- Job vacancies in Canada decreased by 8.2% in the fourth quarter of 2022, marking the second consecutive quarterly decline.
- The number of job vacancies fell in 16 of 20 broad industrial sectors and decreased more for positions requiring a high school diploma or less.
- The average offered hourly wage rose by 8.5% year-over-year in the fourth quarter, partially due to a shift in the relative composition of job vacancies from lower- to higher-offered-wage occupations.
The total number of job vacancies in Canada decreased by 8.2% or 78,600 in Q4 2022, marking the second consecutive quarterly decline, according to a report by Statistics Canada. The job vacancy rate, which represents the proportion of total labour demand occupied by vacant positions, also fell for the second consecutive quarter from 5.4% in Q3 2022 to 4.9% in Q4 2022. This decline is a result of the decrease in job vacancies combined with an increase in payroll employment.
The decline in Job Vacancies Across Broad Industrial Sectors
In Q4 2022, job vacancies declined in 16 of 20 broad industrial sectors, particularly in accommodation and food services (-21,400) and administrative and support, waste management, and remediation services (-15,800). Health and social assistance saw a decline of 2.5% (-3,700) to 147,300 in job vacancies after reaching a record high in Q3 2022. The only sector to see an increase was educational services with 3,200 vacancies, a 14.0% increase from Q3 2022.
Job Vacancies Decline Across Broad Occupational Groups
Job vacancies decreased in 7 of the 10 broad occupational groups in Q4 2022. The largest decreases in job vacancies were in trades, transport, and equipment operators and related occupations (-22,200 to 155,600), sales and service occupations (-20,100 to 280,600), and natural and applied sciences and related occupations (-11,000 to 58,300). However, health occupations, management occupations, and occupations in art, culture, recreation, and sport showed little change.
The decline in Job Vacancies Across Provinces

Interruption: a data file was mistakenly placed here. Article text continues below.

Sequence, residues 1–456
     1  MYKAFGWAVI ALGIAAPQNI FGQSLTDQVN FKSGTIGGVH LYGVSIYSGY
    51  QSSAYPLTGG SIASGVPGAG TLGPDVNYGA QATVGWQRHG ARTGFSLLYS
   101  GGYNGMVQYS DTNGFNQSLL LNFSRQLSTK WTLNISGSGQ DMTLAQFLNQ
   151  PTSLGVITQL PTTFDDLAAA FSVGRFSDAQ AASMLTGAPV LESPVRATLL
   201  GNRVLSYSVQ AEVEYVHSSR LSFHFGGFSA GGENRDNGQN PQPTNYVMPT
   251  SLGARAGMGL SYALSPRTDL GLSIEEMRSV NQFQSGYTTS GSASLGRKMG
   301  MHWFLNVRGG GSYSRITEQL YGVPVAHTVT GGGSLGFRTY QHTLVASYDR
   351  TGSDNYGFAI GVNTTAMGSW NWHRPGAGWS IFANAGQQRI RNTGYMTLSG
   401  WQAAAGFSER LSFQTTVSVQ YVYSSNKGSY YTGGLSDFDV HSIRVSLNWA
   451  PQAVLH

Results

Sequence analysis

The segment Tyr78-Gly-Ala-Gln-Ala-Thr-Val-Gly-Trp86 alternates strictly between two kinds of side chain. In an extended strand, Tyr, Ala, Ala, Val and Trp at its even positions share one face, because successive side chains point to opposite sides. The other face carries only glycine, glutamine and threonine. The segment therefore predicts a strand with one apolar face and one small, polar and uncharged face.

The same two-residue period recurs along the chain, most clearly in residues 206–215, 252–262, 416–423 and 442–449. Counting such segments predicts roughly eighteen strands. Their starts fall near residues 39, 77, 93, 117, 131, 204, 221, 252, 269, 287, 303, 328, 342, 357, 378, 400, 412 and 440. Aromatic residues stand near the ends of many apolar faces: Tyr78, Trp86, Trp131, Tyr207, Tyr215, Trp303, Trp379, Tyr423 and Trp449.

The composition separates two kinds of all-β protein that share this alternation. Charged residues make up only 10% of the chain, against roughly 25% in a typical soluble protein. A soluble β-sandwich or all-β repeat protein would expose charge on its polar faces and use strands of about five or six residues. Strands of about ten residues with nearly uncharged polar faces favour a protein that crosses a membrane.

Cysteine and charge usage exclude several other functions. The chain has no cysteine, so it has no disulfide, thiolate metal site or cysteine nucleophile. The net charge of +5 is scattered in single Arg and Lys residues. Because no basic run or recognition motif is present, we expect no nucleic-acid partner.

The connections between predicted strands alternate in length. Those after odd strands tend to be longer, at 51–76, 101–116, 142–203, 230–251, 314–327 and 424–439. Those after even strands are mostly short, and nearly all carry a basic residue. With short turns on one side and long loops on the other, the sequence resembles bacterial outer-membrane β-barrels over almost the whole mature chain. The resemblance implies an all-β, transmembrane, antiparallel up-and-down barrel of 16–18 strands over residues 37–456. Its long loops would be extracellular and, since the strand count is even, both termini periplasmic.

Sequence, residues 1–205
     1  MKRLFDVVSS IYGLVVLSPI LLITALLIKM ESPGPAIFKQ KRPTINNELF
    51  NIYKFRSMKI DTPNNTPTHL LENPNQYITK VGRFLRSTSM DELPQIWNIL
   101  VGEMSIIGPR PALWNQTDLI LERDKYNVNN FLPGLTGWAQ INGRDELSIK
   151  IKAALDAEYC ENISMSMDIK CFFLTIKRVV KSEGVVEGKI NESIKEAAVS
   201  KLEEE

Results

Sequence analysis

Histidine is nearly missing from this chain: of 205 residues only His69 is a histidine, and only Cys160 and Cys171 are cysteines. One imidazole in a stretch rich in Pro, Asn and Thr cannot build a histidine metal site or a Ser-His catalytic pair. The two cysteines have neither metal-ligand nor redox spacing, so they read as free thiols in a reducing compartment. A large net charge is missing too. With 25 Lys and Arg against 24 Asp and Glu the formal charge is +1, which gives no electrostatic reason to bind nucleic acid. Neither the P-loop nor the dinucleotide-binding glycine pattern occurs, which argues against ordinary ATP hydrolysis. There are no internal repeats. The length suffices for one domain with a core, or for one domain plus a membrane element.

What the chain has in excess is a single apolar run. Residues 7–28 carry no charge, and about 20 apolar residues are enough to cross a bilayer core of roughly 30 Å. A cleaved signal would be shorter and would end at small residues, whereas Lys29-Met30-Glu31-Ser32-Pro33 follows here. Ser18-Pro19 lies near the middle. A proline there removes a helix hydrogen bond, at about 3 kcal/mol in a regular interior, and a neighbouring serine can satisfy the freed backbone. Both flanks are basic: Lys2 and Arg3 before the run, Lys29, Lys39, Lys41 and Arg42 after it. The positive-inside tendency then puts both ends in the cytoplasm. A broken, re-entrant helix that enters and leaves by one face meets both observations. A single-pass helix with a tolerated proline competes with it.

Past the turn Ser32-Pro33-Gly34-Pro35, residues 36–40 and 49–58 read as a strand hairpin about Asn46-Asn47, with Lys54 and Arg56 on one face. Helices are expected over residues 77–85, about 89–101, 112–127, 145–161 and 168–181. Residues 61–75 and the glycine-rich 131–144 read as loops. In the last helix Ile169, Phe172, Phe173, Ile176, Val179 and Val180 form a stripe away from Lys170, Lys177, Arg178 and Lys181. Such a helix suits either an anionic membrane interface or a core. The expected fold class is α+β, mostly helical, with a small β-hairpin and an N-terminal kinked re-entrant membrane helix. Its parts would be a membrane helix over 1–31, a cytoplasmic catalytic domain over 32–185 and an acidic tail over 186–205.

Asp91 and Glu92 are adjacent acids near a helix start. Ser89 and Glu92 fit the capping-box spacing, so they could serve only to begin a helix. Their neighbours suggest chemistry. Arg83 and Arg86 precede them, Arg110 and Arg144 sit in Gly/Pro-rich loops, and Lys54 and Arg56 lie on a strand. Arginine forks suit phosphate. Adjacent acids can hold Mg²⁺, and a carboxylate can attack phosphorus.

Ontario (-31,000), Quebec (-24,000), and British Columbia (-19,300) experienced the largest declines in job vacancies. In contrast, job vacancies rose in Saskatchewan (+1,700) in Q4 2022.
Job Vacancies Decline More for High School Diploma Positions
Job vacancies decreased by 17.8% for positions that require a high school diploma or less, whereas job vacancies requiring a bachelor’s degree or higher declined by 2.9%. Consequently, the proportion of job vacancies in Q4 2022 that required a post-secondary education increased.
Offered Hourly Wage Increases
The average hourly wage increased by 8.5% or $1.95 on a year-over-year basis in Q4 2022, partially due to a shift in the composition of job vacancies from lower- to higher-wage occupations.
Payroll Employment Increases
Payroll employment increased by 0.9% or 144,400 in Q4 2022, the seventh consecutive quarterly increase. The unemployment rate remained at 5.1%, which was little changed from the third quarter and just above the record low of 4.9% reached in June and July 2022. Employment continued to increase in 2023 with strong growth in January (+150,000; +0.8%) followed by little change in February (+22,000; +0.1%).
|Job vacancies decrease||8.2% or 78,600 in Q4 2022|
|Job vacancy rate||4.9% in Q4 2022|
|Decline in job vacancies across broad industrial sectors||16 out of 20|
|Decrease in job vacancies across broad occupational groups||7 out of 10|
|Provinces with the largest declines in job vacancies||Ontario (-31,000), Quebec (-24,000), British Columbia (-19,300)|
|Decline in job vacancies for high school diploma positions||17.8%|
|Increase in offered hourly wage||8.5% or $1.95 on a year-over-year basis in Q4 2022|
|Increase in payroll employment||0.9% or 144,400 in Q4 2022|
|Unemployment rate||5.1% in Q4 2022|
The second consecutive quarterly decline in job vacancies in Q4 2022 is largely due to the decrease in job vacancies in the accommodation and food services and administrative and support, waste management, and remediation services sectors. The increase in the proportion of job vacancies requiring post-secondary education and the increase in the average hourly wage are two important takeaways from the report. Meanwhile, payroll employment has continued to increase for the seventh consecutive quarter, and the unemployment rate remained steady.